Ambitious endgames, continued challenges assessed at global health briefing book launch

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Robert Clay

Robert Clay

Deaths from AIDS were peaking in Zambia in 1998, when Robert Clay arrived there. The epidemic there had been recorded for more than a decade, but the antiretroviral treatment that was saving livesfor the last two years in affluent countries, remained unavailable to Zambians.

The house where Clay lived was on the road to the capital’s main cemetery, and daily he watched funeral processions go by. He watched his secretary wasted away from AIDS, and carry the secret of what was killing her, unspoken to her grave. The stigma surrounding a disease for which there was no hope was only another burden. And as the cemetery filled, orphanages grew crowded too.

He and his colleagues wrote home to Washington. A major storm is sweeping across Africa, they wrote, and no one is watching.

Clay, who as the director of USAID’s Population, Health and Nutrition Office in Zambia led the development of an HIV program there, recently returned to Zambia, a place now where estimates now show that more than 70 percent of people needing antiretroviral treatment are getting it.

“People with HIV are working. Their families are still intact,” Clay said.

Global Health Briefing BookNow the deputy assistant administrator in USAID’s Bureau for Global Health, Clay told this story Monday morning to an audience attending the launch of Global Health: Investing in Our Future, a briefing book presenting the progress and goals surrounding responses to infectious illnesses, neglected tropical diseases, noncommunicable health conditions, malnutrition, sanitation, family planning, and more. Directed to the 113th Congress, it is a book put together by international nonprofits focusing as much on what is yet to be done as what has been done.

What has been done was the subject of a quiz at the start of the event: How many people receiving HIV treatment as a result of U.S.-funded efforts? How many mosquito nets distributed? How many children’s lives saved? By how great a percentage has polio been reduced worldwide? The audience largely scored well on the multiple choice test — hint: the highest number generally was the right answer — but the point of neither the event or the book was to bask in success. Rather, the progress highlights unprecedented opportunities, Clay said, “to think about bold endgames.”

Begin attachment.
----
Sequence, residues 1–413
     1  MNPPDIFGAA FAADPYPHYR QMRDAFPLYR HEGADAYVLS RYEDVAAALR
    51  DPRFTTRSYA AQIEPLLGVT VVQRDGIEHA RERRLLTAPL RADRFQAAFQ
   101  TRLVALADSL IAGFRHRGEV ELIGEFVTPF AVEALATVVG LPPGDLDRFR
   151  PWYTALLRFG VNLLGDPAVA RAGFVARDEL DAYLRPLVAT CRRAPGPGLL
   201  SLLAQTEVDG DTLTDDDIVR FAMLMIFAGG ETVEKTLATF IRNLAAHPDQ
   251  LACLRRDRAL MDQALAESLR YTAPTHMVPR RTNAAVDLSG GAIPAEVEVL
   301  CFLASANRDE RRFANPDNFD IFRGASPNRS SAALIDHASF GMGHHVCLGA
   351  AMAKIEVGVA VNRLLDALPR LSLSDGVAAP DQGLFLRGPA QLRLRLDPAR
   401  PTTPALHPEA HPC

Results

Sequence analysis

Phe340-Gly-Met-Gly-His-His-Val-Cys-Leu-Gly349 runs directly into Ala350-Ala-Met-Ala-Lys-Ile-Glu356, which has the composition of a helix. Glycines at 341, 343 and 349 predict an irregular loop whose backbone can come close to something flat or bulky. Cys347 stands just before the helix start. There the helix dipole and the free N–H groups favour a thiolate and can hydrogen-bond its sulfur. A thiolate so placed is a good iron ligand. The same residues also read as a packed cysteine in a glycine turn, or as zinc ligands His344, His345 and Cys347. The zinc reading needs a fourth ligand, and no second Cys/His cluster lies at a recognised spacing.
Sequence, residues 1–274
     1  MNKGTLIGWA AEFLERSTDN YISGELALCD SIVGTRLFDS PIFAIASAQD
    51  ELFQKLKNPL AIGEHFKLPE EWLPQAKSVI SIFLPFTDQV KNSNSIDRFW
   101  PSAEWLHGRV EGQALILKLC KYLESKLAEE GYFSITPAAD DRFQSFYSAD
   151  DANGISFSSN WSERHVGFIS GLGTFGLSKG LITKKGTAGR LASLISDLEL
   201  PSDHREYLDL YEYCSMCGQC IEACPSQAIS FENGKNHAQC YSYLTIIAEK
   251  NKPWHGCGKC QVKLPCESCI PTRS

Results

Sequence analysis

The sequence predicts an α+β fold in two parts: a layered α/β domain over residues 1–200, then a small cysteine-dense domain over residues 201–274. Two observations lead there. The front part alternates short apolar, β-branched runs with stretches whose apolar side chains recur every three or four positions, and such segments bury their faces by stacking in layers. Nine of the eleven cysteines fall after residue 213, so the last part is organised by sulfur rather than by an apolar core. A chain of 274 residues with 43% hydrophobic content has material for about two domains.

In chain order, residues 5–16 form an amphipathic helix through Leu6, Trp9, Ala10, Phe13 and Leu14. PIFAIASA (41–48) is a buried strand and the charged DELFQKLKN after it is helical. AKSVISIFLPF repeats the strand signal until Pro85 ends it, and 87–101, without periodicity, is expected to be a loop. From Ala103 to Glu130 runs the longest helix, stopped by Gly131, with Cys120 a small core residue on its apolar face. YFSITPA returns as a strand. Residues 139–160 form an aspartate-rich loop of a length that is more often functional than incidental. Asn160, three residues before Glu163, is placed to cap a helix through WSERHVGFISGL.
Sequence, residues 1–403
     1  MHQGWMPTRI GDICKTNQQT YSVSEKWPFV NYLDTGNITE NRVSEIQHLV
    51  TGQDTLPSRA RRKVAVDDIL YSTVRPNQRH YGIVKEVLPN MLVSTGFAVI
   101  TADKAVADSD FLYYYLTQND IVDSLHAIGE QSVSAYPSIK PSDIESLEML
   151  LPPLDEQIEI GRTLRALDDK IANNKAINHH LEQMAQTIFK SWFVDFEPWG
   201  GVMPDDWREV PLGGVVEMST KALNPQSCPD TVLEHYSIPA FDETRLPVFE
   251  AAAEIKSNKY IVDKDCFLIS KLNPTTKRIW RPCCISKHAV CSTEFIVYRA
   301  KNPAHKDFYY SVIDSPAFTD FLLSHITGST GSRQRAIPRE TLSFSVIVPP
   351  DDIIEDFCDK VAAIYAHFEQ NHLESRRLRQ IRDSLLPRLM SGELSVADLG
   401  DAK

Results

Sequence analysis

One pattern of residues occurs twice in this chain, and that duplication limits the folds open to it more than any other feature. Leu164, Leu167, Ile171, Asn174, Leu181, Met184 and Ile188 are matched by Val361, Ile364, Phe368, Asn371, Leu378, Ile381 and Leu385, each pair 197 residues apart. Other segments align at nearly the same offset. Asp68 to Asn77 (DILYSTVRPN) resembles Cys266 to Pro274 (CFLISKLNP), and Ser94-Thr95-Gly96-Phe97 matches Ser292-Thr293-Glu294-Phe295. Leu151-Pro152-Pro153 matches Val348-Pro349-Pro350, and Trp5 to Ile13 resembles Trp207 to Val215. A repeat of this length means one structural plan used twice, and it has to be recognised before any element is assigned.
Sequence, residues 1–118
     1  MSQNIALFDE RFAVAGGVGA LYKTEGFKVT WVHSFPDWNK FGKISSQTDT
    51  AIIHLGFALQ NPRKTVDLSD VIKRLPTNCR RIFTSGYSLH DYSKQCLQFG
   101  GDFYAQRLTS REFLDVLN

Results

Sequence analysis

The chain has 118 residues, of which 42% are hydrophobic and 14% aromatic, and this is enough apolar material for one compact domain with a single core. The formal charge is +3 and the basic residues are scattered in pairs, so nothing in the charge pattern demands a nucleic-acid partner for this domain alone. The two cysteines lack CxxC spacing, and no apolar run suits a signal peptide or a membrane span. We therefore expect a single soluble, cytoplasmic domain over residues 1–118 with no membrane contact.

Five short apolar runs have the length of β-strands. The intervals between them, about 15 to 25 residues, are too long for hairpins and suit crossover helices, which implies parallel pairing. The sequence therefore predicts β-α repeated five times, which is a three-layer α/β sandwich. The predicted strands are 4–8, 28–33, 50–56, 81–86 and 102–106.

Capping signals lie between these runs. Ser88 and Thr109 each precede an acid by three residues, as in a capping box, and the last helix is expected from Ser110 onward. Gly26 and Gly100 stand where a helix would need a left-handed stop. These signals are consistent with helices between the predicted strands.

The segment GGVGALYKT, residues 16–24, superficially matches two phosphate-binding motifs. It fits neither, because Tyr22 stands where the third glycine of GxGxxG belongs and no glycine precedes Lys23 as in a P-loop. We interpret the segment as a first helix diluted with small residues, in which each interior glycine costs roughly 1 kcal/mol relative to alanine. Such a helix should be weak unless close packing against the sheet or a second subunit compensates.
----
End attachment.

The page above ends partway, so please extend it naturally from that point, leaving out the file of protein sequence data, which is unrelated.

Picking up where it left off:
The book also highlights enormous remaining challenges, including:

  • The millions of HIV-infected people still going without needed treatment services, including 72 percent of HIV-infected children whose condition requires treatment;
  • Shortages of medicine and failures in treatment efforts that continue to feed multi drug-resistant, and extensively drug-resistant strains of tuberculosis, while protection remains inadequate for healthcare workers who face two-to-three times the risks of the general population of getting tuberculosis;
  • A rapidly increasing burden of noncommunicable diseases in low-and-middle-income countries, including heart disease, cancer, diabetes and lung diseases killing young people in their most productive years.

The book calls on the administration to maintain support for global health programs, ensure their priorities are aligned with those of developing nations receiving support, reduce inequities in access to quality care, continue to build partnerships with private sector donors and civil society groups and ensure that crisis responses lay foundations for lasting change. It calls on Congress to maintain appropriate funding levels, continue to invest in research and evaluation, encourage agencies efficient use of resources, provide adequate funding for health workforce training.

“The money doesn’t just go into a black box,” Clay said. “It’s actually creating a world where this kind of assistance won’t be needed, as it is now.”

 

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